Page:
Exceptions Handling: Given the maturity of SWIFT, a large percentage of trades should be confirmed automatically. However, the real focus should be on trades that do not automatically match. Dealing with exceptions isn’t the exception to the rule, which is why it’s extremely important to get a system that follows through when a trade, in fact, is not a match. The ideal solution, therefore, should provide a range of exception handling capabilities such as:
- Exceptions prioritization
- Integrated internal and external investigations / replies
- On-line audit trail
- Automatic chasers (SWIFT, fax, mail and e-mail)

Online History: Since it’s impossible to know whether a person involved in an investigation is going to be around at any given time, a good confirmation matching solution should avoid the need of relying on individual knowledge, but rather record each and every historic event relating to a transaction. This coverage should include a complete history of cancellations, amendments, user actions, investigations, and replies for both current trades as well as those being investigated in the coming weeks or months.

Learning Mechanism: The majority of exceptions occur due to the manual typing of settlement instructions as free format text rather than as BIC code. The ability of a confirmation solution to identify and learn from such error patterns (e.g. by automatically learning a range of synonyms) improves its matching capabilities significantly over time. This could also include, for example, cross matching a proper MT600 Metals Trade with a similar matching transaction sent via MT300 format. A reconciliation system should be viewed as a value-added, mission-critical component to any straight-through processing workflow.

Ease of Use: User screens should be logical, simple and intuitive, providing everything that users need at their fingertips. In order to operate the system, personnel should not be required to be SWIFT experts or to have intimate knowledge of BIC codes or field tags.

Multi-Entity System: The ability to leverage a single software license across a bank’s multiple branches, whether for centralized or decentralized use, can significantly cut IT and operational costs.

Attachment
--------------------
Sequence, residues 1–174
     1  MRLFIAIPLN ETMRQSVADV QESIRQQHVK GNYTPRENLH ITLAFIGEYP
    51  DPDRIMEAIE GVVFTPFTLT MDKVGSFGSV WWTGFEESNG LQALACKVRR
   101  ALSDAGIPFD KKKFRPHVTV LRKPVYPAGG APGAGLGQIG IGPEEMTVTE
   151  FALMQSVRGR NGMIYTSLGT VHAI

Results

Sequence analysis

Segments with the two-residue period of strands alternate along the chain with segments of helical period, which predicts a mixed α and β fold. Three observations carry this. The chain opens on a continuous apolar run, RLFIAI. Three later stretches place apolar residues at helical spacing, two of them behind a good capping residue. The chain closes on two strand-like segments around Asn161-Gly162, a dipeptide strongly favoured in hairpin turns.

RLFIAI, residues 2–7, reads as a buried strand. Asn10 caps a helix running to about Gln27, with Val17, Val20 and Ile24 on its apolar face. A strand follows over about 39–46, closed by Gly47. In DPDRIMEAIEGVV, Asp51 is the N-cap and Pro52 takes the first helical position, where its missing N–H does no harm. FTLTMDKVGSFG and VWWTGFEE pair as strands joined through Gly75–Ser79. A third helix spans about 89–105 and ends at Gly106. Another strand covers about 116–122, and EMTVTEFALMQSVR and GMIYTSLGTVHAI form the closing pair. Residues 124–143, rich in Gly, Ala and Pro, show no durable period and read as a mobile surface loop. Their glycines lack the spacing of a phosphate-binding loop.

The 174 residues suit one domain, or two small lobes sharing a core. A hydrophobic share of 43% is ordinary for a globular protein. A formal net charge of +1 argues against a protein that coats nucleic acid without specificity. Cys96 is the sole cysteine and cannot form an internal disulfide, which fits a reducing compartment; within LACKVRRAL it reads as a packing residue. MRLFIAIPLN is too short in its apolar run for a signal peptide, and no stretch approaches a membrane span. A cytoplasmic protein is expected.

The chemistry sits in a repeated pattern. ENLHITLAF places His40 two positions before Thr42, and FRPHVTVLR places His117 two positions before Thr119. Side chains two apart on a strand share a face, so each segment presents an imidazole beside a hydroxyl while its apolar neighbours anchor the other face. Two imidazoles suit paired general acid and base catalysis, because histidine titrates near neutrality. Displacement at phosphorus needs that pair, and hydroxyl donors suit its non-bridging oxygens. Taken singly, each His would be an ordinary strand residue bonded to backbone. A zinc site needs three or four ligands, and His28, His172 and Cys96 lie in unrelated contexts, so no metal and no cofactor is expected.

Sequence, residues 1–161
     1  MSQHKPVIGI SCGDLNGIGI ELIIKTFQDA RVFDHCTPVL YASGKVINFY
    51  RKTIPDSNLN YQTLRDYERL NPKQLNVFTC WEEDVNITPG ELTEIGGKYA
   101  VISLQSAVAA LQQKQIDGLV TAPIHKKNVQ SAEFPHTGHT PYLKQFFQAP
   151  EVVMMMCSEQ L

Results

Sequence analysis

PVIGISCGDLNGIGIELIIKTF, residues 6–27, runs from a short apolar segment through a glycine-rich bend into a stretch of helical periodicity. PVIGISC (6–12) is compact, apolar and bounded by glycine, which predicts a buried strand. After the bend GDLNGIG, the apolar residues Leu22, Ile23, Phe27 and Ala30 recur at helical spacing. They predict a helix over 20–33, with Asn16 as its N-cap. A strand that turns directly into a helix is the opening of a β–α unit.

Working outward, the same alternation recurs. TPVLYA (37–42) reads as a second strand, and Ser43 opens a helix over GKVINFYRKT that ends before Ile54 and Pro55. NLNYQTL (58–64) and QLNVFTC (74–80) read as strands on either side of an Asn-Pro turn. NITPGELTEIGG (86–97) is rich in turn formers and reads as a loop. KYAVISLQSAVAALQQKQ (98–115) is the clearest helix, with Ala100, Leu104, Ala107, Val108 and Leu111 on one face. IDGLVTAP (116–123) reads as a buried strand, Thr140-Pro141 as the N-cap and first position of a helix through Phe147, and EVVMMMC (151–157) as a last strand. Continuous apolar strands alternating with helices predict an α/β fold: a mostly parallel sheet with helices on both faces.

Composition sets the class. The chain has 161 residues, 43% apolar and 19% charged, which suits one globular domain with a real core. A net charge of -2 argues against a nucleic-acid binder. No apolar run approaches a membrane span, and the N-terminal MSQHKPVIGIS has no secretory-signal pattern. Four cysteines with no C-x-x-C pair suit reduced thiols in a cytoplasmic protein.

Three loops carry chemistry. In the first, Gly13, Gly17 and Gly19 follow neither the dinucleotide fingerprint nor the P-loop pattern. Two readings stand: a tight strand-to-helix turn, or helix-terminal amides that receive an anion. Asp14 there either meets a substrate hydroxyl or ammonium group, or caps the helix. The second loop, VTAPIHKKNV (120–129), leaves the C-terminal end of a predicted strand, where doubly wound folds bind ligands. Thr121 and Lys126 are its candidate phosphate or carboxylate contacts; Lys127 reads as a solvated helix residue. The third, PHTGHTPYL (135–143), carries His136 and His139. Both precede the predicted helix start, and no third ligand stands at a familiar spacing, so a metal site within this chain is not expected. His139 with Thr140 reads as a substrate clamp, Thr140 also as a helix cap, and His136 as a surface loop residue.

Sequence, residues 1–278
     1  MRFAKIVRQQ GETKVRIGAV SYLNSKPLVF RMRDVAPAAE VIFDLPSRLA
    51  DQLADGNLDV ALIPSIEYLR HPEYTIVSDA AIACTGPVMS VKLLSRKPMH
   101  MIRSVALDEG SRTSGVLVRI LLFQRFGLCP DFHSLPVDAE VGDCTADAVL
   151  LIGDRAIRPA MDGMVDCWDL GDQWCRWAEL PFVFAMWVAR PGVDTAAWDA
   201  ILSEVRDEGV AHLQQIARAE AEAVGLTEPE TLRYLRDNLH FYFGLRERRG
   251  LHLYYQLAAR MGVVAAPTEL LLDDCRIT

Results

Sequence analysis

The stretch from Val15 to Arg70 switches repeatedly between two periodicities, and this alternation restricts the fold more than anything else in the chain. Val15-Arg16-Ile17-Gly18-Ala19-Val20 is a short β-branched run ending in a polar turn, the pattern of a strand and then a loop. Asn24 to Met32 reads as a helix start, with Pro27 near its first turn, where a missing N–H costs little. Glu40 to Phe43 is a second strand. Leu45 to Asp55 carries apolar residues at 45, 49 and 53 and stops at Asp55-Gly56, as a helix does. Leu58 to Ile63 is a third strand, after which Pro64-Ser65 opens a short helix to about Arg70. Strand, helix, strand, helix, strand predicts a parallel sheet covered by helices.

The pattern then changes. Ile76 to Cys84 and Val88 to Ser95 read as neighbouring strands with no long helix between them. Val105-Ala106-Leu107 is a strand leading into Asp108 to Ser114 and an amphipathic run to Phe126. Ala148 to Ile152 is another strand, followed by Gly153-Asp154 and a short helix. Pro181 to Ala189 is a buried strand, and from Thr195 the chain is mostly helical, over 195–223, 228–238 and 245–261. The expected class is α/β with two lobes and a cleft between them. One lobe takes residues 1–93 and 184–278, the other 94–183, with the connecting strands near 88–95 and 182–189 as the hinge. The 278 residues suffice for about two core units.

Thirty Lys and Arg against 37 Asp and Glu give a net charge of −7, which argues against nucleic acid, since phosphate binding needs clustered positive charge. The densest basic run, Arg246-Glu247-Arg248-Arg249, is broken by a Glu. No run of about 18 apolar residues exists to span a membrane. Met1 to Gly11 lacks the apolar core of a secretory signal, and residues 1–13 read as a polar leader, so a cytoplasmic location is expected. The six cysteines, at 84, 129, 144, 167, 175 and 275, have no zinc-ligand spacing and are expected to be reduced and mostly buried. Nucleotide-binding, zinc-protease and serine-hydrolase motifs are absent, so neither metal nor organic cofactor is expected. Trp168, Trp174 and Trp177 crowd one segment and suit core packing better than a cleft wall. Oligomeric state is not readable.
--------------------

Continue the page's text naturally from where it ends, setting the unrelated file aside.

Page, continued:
Integrated Solution: By including counter-party (SWIFT and non-SWIFT) confirmations, broker confirmations, CLS, CMS, chasers, and investigation capabilities within a single solution, users do not have to log into and out of myriad systems each time they want to perform a different function.
Feedback Capabilities: The system should provide feedback to various host systems for confirmation status updating in order to complete the process and release payments.

State-of-the-Art Offering: With rapid technological changes continuously impacting the trading world, it is imperative for confirmation matching systems not only to offer real-time matching capabilities, but also to keep up with new and evolving market initiatives.

The Required Solution
The inclusion of this array of features enables a confirmation matching solution to mirror a logical treasury operations workflow and simply be an extension of that flow. While it may appear that all confirmation matching products cover the entire range of capabilities mentioned above, that is simply not the case. Most either offer just a few of these features, or require the purchase of optional modules or separately installed systems in order to access such features.

When purchasing their next confirmation matching solution, treasury departments should look for comprehensive solutions that include these capabilities. As this is very much a replacement market, banks should also look to a vendor with a demonstrated track record of replacing systems installed by other major confirmation matching solution providers.